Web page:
Seed Bank and Library – A Unique Partnership in Winona
The City of Winona Parks and Recreation Department and Winona State University are partnering on the first Seed Bank and Library to take root in southern Minnesota as well as the first Seed Bank and Library within all of the Minnesota State Colleges and University system.
The numbers from the first twelve months of the effort are impressive:
– 350 users
– 45 varieties and species of seeds
– 165 attendees at two workshops featuring seed saving demonstrations and hands on activities
– 500 volunteer hours, equating to an economic value of $13,790
– 3,000 plant starters given away at three outreach events
– 300 cookbooks in English and Spanish given away
– 500 individuals reached through 7 lectures, 2 tabling events, 2 podcasts and 1 facilitated discussion around food equity and insecurity, biodiversity, and seed saving
The project received funding from the Statewide Health Improvement Partnership and leveraged funding from personal donations, the American Association of University Women and Bluff Country Co-op’s bean jar program as well as multiple sources within Winona State University including the Green Fee, Student Senate, and a WSU Foundation campaign for a total budget of almost $15,000. The project also received hundreds of dollars of resource donations from Seed Saver’s Exchange, Nature and Nurture Seeds, Renee’s Garden Seeds, Fedco Seeds, and Collective Eye Films.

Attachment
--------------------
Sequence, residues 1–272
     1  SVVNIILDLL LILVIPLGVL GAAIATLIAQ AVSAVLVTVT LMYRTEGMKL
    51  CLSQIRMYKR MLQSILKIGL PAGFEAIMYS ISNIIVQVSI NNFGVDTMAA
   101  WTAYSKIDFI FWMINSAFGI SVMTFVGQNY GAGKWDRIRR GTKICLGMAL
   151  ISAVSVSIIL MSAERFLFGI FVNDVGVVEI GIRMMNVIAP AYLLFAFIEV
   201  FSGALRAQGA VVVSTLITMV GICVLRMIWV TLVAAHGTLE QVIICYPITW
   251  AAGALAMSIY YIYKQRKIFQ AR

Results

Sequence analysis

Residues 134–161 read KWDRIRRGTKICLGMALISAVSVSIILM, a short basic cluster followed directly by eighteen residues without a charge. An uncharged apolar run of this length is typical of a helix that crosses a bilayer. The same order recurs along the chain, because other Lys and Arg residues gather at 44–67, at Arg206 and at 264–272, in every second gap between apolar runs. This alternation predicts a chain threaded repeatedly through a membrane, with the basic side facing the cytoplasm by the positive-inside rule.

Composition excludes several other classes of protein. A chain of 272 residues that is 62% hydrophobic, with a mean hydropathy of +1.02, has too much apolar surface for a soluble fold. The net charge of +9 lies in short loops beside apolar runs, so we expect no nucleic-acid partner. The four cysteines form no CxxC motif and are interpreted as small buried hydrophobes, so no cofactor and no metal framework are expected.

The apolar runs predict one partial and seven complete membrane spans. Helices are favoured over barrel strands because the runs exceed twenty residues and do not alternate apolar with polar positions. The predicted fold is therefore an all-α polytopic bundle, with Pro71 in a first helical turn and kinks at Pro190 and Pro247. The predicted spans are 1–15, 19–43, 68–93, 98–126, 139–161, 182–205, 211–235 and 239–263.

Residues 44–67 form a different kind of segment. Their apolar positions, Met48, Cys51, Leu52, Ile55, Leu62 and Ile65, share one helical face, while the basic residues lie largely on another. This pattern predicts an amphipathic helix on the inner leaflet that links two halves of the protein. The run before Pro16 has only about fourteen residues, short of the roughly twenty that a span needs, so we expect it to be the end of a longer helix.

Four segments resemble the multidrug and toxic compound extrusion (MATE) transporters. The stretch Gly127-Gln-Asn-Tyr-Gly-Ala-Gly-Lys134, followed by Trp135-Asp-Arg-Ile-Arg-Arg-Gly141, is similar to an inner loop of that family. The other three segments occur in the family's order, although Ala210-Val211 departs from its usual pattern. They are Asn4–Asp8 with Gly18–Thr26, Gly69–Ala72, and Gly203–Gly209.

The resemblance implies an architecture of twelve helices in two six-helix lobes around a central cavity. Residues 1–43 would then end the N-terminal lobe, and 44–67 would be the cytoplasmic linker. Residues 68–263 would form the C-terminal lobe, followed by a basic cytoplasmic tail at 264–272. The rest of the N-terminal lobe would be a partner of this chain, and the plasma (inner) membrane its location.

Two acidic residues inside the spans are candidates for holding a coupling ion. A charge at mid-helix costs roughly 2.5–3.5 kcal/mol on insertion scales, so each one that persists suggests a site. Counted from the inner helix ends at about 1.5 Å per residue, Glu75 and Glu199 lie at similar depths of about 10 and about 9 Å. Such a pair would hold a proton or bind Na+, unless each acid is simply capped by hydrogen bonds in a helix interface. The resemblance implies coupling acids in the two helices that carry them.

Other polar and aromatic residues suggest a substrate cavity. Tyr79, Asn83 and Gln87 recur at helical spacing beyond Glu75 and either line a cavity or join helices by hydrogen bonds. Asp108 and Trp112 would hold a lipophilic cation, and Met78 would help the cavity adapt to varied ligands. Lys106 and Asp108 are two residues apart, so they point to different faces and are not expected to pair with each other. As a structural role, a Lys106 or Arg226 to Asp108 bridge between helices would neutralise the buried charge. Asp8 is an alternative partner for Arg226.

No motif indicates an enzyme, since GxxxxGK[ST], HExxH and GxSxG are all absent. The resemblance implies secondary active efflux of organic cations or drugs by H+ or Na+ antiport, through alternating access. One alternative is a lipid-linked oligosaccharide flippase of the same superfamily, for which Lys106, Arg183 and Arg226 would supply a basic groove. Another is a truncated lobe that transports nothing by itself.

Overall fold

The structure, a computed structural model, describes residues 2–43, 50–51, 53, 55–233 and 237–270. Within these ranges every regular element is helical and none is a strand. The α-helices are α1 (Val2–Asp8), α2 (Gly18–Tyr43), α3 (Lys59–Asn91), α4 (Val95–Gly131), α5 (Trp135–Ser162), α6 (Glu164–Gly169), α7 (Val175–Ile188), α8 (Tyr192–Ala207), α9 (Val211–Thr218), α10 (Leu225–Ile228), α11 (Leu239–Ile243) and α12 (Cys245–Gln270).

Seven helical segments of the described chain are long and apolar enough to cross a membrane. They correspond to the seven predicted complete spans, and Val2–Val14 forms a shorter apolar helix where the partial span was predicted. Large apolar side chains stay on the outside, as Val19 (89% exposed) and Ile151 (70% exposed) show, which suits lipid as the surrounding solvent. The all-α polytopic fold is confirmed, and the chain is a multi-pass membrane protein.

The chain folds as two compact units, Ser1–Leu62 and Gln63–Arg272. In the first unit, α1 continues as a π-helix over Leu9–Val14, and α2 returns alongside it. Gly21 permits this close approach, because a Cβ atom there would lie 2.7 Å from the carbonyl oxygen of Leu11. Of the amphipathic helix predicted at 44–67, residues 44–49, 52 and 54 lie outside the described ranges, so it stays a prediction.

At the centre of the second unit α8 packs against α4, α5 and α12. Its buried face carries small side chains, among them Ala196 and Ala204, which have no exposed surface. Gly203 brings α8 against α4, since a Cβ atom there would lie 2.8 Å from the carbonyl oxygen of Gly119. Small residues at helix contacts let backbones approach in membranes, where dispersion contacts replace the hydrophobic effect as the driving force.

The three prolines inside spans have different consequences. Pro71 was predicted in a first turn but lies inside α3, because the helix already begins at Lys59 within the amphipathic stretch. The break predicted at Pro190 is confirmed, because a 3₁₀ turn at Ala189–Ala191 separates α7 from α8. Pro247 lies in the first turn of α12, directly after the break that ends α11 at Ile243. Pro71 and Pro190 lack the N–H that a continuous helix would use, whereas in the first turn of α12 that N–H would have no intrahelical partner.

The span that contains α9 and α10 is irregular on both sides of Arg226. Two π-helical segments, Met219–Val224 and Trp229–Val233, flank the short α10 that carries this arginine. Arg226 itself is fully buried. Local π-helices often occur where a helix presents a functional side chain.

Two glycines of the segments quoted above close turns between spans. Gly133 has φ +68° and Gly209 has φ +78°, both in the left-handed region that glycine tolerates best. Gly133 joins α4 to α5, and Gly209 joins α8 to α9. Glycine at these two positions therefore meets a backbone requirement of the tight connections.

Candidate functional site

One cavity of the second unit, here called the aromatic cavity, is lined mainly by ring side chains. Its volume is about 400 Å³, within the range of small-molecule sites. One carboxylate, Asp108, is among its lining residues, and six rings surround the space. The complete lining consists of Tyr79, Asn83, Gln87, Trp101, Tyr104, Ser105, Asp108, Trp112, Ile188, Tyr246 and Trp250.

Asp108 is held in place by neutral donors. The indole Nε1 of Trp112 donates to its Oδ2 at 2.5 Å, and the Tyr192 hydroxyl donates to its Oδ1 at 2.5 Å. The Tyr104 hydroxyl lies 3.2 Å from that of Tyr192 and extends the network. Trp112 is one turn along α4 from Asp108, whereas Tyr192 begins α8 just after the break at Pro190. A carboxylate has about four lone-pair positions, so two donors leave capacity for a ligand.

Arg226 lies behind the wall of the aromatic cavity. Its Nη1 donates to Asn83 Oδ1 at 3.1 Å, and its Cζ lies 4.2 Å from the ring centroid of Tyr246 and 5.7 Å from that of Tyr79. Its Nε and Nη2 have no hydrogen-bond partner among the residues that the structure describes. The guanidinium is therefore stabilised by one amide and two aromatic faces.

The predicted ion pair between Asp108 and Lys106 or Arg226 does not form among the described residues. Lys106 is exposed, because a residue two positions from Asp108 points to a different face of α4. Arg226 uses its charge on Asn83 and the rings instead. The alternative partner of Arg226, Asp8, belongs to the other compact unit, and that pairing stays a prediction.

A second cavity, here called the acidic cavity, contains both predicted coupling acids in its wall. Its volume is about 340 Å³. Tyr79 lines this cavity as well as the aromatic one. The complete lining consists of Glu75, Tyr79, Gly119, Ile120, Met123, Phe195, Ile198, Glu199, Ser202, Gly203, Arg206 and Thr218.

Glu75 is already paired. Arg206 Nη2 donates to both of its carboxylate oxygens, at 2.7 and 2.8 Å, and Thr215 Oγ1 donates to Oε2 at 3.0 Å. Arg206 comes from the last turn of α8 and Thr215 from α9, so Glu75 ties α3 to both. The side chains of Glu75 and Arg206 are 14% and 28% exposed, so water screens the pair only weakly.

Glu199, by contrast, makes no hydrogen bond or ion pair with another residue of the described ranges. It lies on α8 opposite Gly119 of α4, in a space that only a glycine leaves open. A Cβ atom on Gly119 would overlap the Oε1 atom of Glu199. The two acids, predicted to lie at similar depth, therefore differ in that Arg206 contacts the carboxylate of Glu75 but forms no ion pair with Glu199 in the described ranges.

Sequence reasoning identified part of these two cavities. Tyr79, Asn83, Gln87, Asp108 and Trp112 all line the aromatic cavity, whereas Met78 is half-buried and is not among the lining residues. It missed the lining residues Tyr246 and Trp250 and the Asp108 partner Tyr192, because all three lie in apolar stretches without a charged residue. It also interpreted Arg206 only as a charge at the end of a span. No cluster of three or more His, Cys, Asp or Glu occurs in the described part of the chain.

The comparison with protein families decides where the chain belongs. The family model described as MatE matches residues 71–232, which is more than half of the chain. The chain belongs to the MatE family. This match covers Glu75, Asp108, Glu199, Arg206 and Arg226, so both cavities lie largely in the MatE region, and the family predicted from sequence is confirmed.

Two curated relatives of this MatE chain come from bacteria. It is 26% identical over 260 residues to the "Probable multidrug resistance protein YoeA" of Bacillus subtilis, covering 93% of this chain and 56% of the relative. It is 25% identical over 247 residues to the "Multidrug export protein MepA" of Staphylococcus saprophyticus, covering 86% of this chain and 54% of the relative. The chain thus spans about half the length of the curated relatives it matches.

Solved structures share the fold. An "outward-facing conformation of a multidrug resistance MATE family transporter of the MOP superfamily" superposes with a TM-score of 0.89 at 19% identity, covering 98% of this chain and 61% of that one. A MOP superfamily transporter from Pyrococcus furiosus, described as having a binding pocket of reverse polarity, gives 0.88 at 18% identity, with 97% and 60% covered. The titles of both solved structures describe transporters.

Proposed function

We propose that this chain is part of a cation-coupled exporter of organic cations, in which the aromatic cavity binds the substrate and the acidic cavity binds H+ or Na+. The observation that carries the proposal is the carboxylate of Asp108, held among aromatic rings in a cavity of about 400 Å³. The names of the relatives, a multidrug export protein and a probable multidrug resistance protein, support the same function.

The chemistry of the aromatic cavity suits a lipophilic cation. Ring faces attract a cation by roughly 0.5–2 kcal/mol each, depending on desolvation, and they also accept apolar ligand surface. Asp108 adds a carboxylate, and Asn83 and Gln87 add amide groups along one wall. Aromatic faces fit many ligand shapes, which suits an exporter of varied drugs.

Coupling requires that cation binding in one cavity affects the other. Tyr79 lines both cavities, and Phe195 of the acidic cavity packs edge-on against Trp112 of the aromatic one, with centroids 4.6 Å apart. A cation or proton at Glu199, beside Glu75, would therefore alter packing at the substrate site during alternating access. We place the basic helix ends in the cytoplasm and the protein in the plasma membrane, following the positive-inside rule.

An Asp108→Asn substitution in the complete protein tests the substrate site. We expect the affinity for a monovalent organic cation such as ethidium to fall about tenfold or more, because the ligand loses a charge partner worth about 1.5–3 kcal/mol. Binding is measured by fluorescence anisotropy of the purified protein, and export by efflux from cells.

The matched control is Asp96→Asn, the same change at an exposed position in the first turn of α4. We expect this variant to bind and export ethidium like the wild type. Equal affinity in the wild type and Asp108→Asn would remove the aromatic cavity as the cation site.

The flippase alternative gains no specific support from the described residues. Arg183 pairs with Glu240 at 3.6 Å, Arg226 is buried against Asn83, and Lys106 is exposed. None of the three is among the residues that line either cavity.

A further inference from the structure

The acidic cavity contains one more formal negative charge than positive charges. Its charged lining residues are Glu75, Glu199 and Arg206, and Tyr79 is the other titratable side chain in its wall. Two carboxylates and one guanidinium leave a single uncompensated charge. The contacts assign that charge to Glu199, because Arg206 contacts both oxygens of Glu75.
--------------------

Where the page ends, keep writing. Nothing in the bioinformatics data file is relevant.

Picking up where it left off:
The main branch of WSU Seed Bank and Library is located at the East Recreation Center, which is in a lower income neighborhood and is predominately used by those from lower socioeconomic backgrounds. A smaller Seed Bank and Library is housed in the Winona State University campus food pantry.
“At every event we had I met people who shared innovative ways to grow their own food,” said WSU Seed Bank & Library founder Alison Bettin. “In our seed saving workshops and outreach events we talked about container gardening; it’s a good place to start, and ideal if you don’t have a lot of land to grow produce. Growing their own food empowers people to take back a part of their life they haven’t paid as much attention to.”
Thanks to the success of this work in Winona, a community member in Rochester was inspired to partner with Rochester Public Library to start a Seed Library of their own.
To learn more about what is happening at the WSU Seed Bank & Library follow them on Facebook @wsuseedbanklibrary.